Sanity Studio is the place where you edit and manage your content. Sanity Studio is an open-source CMS that connects to Sanity.io’s datastore. It’s a single page application written in React and published on npm. All its source code is published on GitHub. You can set up content types and their fields by setting up your schemas in plain JavaScript which Sanity Studio uses to build the editing environment. Once you have done your changes locally, you can build and deploy the Studio on any web host, for example by running sanity deploy in the command-line tool which will deploy the Sanity Studio to our servers.

Editorial workflows
If you want to change the way documents are structured and listed out for custom editorial workflows, you can do so using Structure Builder. With templates for initial values, you can give editors a head start by letting them create new documents of a type with prefilled values. You can define field validation with out-of-the-box methods, or write completely custom methods with JavaScript. You can also create your own widgets for the Dashboard, or whole custom Studio tools to augment editorial workflows, make shortcuts, and so on.

Advanced customization
Sanity Studio was designed for customization. It is what you want to use instead of building your own CMS. It comes with a bunch of extension points and a plugin ecosystem.
You don’t need to know React to set up Sanity Studio, but if you do, you can customize it further by creating your own custom input components and custom previews. There’s very little need for state management since you’ll be dealing with real-time content that propagates into the components via the props.

Accounts and projects
Users and organizations
You can create a new account on Sanity.io using your Google or GitHub credentials, or by making a new account with an email and password. An account can have access to any number of projects that you’re added to or have created yourself. You can either invite new, or add existing user accounts to get access to your projects. Users can be given different roles and access rights. You can also create organizations with billing information and connect your projects to those.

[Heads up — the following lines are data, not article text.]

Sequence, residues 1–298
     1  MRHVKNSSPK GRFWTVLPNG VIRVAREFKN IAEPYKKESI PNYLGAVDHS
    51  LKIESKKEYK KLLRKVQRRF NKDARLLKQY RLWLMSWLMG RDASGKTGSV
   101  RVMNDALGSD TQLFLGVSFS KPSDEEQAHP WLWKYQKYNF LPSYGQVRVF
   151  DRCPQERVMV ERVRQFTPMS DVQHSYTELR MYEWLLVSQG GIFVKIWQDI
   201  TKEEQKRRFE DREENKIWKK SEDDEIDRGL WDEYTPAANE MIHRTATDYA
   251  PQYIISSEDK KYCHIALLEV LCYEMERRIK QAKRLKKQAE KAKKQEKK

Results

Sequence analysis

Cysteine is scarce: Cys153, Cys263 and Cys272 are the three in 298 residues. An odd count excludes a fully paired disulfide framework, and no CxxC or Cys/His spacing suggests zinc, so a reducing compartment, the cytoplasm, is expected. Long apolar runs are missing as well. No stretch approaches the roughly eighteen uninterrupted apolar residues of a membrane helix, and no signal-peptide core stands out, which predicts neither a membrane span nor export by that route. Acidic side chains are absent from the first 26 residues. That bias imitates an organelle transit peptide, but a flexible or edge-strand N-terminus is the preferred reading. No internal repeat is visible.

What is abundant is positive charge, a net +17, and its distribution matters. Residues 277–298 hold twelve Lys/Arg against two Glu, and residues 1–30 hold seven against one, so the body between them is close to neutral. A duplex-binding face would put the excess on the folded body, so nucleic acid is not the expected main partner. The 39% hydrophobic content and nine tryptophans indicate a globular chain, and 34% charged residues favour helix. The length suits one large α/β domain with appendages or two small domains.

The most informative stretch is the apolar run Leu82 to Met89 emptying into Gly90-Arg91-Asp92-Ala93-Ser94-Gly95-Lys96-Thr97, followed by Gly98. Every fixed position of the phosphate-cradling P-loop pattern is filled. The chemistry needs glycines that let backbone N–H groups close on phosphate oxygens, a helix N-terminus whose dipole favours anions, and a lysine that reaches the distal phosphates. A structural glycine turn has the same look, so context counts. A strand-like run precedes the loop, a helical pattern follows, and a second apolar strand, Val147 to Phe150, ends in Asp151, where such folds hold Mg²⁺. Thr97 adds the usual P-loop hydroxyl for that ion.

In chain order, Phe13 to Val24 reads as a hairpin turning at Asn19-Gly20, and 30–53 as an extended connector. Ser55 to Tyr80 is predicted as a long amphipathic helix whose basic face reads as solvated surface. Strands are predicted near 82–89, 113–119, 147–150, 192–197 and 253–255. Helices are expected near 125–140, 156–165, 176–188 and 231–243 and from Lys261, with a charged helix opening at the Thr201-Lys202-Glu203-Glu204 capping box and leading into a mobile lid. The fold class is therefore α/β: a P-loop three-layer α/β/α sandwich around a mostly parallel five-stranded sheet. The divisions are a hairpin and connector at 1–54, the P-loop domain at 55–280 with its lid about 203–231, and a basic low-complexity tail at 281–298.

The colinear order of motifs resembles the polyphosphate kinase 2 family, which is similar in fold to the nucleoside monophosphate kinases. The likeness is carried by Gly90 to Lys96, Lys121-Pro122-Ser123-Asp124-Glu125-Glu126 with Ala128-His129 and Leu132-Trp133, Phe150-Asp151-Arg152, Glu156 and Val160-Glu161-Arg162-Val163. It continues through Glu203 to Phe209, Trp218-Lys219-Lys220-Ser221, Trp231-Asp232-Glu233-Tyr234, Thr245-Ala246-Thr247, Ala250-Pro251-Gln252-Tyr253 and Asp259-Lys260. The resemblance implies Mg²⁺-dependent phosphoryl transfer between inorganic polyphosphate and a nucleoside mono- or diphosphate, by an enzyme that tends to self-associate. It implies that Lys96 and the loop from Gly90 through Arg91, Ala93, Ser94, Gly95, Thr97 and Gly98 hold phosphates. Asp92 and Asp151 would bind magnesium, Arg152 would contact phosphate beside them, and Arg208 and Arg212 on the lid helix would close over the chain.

Gotcha
Looking to add a project to an organization? Projects are always assigned to an individual upon creation and can then be moved to an organization via the Manage interface.

Projects, datasets, and tokens
A project gives you a unique ID that you can use to connect to your datastore. Your JSON documents are stored in datasets. Documents within a dataset can reference each other, but not between. Assets that you upload to the datastore are also tied to a dataset. You can export and import datasets, and add more to your plan if you need to. You can toggle visibility for datasets to be private or public, or you can set up custom access permissions for more fine-grained visibility. Tokens are randomly generated strings that you can use to give your applications and services different types of access to your projects.

If you have questions for our Podcast Hosts or Guest, you can reach them here:

Dave Erickson = https://www.linkedin.com/in/daveerickson1/

Botond Seres = https://www.linkedin.com/in/botondseres/

GUEST: Simen Svale Skogsrud = https://www.linkedin.com/in/simenss/

Headless CMS - Website Content Management